I promised you progress, and I’m happy to deliver. Sort of.
Last Sunday I met up with Lucy, Grainne and her partner Livi, and the four of us rode around Ashton Court and had lots of fun.
I used the day to test out my newly purchased Pearl Izumi X-Alp Launch II shoes, and Time ATAC MX4 pedals.
Baptism of fire
I’d had every intention of giving myself plenty of time to adapt to the new set up. Having only ever clipped into my Shimano pedals before, I had no idea what the tension would be like on the Time ATACs, especially as they’re non-adjustable.
However, the best intentions rarely go to plan, and I found myself flailing about my flat 10 minutes before I needed to leave, in desperate search of a pedal spanner*.
*a pedal spanner that, it turns out, we actually don’t have.
With a train looming, I hurriedly stuffed my new pedals in my backpack and cycled over to Lucy’s with an awkward cleat + flat pedal combo.
In her mechanical prowess, Lucy had my new pedals installed in record time, and was ushering me back out the door before I knew it. Suddenly I was on the street, with these strange new pedals, and we had a train to catch.
I’m happy to report that there was nothing to worry about at all. The tension is perfect.
We rode up to Ashton Court from Clifton Down station, and I immediately became aware of how much more efficient my power output was when going uphill.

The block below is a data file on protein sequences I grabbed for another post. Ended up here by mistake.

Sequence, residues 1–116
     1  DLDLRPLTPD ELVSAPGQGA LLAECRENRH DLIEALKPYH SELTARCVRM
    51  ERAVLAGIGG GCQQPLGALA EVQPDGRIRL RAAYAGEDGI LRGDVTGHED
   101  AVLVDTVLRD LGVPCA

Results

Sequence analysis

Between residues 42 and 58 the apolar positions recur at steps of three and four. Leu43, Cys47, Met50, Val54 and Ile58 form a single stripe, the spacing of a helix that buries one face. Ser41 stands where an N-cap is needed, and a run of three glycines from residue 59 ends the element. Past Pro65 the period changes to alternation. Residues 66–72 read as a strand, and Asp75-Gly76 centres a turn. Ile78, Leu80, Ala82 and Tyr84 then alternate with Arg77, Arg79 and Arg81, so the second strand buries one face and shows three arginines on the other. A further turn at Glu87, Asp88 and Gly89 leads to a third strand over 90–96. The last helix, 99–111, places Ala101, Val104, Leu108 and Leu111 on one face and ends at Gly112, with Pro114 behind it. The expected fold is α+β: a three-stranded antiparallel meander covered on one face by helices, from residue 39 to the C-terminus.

I’ve struggled endlessly with the actual ride to the trails. My bike’s lockout doesn’t work, so when I’m riding on tarmac I’m contending with a fair amount of suspension, and a 2×11 groupset which I’m struggling to use efficiently.
So, let’s just say that the journey this time was a bit more energy efficient, and I adapted to my new setup almost instantly.
Lucy was riding a Cannondale owned by Lee Craigie herself (no I’m not jealous AT ALL), which she’s had on loan for a little while and was looking to get some more use out of before giving it back.
Grainne, on the other hand, was on a single-speed, which would prove not only that she must have legs of steel, but also that SS mountain bikes suck when it comes to steep, rocky climbs. Sorry Grainne. Get some gears 😉
Livi was on a Kona of some description that I didn’t get much of a look at, but she seemed happy enough.
It was a glorious start to the day. The sun was shining, the temperature was chilly but not debilitating, and we were all super excited to get rolling around the trails.
Lucy made a comment about how it’s traditional for it to be snowing at Ashton Court when we go riding there. I felt the need to point out that we’d in fact only ridden there once, so that doesn’t quite make it a tradition, but I soon ate my words.
As we ascended to the start of the trail, the sky became more of a gloomy grey, the windchill became more biting, and the clouds opened. Only this time, it wasn’t lovely snow. It was hail.
So Lucy got her way, and we proceeded into the woods under a sky containing a very mixed bag of elements for us.
A knock and a boost
Despite the big boost in confidence I gained from riding in the Forest of Dean, I felt my confidence waver pretty early on in this ride.
Maybe I was too conscious of the fact that my feet were fixed to the pedals, and I was concerned about not being able to put a foot down when I needed to stop suddenly.